According to Michael Moore, forty-four million adult Americans read and write at the fourth grade level or below. In his essay “Idiot Nation,” Moor expresses his point of view and different facts concerning education in the USA. He has provided a wholesale condemnation of American public education – its inadequate funding, its practices, and its “sell-out” to corporate America. These factors, he concludes, result in a system that fails its children and, ultimately, relegates America to the second- or third-class status within the world community. Moore is absolutely right!

Federal funding for education and libraries has never been great. In effect, Washington has charged states with this responsibility, and, unfortunately, states are unable to provide the funds necessary to obtain excellence in educating their children. As Moore states, the Congress would rather build more bombers and pay its own membership large salaries than invest in the increasing global competition of education. The schools are thus in physical decay, over-crowded, poorly equipped, and staffed with teachers who are under-paid. With appropriate funding, as Moore suggests, we could have some inviting physical environments for students, better libraries, and smaller class sizes; we could have the latest in technology (perhaps, tablets instead of book bags!); and, while many teachers enter the career out of a sense of mission, increased salaries would allow the field to attract more of the best and the brightest.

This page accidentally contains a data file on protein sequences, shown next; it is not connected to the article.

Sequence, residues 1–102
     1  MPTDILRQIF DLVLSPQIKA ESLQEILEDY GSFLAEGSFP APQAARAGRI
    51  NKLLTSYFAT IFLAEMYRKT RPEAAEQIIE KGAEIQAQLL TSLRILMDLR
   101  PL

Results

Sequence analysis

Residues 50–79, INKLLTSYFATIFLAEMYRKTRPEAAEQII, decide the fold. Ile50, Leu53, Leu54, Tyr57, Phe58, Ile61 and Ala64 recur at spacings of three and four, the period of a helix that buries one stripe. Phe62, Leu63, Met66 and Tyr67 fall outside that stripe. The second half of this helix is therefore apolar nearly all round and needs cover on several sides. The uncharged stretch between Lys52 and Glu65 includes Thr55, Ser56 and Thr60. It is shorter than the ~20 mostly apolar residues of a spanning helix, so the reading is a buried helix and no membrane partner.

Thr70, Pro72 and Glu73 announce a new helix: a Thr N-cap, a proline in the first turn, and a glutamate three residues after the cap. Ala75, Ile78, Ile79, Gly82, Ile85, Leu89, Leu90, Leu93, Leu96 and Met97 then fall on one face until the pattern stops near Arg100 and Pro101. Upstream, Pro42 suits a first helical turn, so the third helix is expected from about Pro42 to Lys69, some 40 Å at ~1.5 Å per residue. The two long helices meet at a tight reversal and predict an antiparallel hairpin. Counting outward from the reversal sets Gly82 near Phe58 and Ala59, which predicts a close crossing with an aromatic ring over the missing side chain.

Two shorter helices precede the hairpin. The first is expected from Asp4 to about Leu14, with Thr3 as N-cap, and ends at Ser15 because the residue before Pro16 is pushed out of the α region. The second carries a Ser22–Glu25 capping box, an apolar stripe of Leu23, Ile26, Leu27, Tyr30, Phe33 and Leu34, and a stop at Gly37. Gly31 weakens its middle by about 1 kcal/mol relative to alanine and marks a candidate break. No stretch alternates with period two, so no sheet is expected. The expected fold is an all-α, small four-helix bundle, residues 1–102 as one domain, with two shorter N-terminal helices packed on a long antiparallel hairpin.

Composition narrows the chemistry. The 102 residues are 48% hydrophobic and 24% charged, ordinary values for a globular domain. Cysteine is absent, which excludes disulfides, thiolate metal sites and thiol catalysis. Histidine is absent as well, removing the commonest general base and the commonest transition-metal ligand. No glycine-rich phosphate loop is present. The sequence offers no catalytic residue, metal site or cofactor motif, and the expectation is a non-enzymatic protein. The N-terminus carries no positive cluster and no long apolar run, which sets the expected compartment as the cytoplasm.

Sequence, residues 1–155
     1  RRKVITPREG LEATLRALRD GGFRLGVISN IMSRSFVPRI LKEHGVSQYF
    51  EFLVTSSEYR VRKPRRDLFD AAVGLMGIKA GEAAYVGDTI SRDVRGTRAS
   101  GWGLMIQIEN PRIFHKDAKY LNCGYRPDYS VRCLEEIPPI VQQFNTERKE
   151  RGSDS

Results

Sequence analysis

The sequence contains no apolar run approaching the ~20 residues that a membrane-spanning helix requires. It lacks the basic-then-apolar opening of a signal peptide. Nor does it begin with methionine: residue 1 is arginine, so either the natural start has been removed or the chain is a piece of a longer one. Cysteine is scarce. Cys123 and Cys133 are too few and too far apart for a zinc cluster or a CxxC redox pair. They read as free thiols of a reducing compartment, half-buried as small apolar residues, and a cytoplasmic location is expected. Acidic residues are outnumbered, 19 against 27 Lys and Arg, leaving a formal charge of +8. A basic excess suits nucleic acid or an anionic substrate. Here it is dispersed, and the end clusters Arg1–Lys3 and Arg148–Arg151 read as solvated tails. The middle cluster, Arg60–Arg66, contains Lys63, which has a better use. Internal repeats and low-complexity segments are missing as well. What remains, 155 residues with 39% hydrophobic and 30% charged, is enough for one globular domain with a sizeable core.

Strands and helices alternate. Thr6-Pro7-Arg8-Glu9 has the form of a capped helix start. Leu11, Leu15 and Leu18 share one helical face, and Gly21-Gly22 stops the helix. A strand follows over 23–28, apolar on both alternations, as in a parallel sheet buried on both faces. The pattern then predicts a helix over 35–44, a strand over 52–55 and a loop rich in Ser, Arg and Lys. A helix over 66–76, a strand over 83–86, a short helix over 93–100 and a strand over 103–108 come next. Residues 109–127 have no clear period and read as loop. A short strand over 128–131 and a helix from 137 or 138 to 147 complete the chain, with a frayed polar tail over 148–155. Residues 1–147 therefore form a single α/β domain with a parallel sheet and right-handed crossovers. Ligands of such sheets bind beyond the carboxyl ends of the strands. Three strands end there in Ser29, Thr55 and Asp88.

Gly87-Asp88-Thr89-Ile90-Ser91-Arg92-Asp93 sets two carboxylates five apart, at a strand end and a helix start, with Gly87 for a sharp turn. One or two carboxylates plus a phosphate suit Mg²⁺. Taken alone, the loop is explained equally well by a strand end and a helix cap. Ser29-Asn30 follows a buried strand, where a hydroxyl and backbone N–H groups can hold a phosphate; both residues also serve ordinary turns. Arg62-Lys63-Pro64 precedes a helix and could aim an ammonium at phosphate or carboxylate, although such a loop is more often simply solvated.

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Classroom practices seem to be driven by testing performance, and I believe this is true. All states have proficiency tests, and there is a strong move to hold teachers fully accountable for how their students perform these tests. It is no wonder, then, that teachers must always maintain focus on the skills and content that will be tested, and this leaves little time to foster creative thinking, to allow students to move into “uncharted territory,” or to simply develop the behaviors that result in independent learning and discovery. Good teachers hate this situation as much as students do, but, for the sake of structure and those test scores, everyone must conform.

In an attempt to supplement their lack of funds, many school districts have entered into partnerships with large corporations, such as Nike and Coca-Cola. Marketing and sales targeted at a captive audience mean more profits! Soft drink manufacturers provide money to districts that give them exclusive vending contracts; other companies pay to advertise on the school busses and within schools themselves; scoreboards proudly display the products of the companies that have provided them; computer software runs streaming advertising. Because kids spend so much money, and because they are a captive audience, corporations are “buying” them just as they “buying” politicians.

The future of American education is bleak, and Michael Moore has provided the reasons why it is so. The question now is this: When will our politicians realize the fact that we are falling further and further behind and do something about it? If this trend continues, all of the innovation, all of the research, and all of the important discoveries will occur in other countries. America will have only the memory of a once-great country.

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